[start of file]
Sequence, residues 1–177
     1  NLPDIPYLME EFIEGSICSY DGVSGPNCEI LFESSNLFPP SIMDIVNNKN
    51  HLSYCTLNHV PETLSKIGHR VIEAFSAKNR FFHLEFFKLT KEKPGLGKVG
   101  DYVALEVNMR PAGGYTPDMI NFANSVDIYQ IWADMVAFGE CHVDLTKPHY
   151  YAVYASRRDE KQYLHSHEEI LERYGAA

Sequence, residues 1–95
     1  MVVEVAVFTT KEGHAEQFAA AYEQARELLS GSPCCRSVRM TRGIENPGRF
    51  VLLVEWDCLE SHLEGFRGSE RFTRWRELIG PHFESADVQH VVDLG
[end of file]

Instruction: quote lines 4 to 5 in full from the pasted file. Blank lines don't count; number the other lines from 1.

   101  DYVALEVNMR PAGGYTPDMI NFANSVDIYQ IWADMVAFGE CHVDLTKPHY
   151  YAVYASRRDE KQYLHSHEEI LERYGAA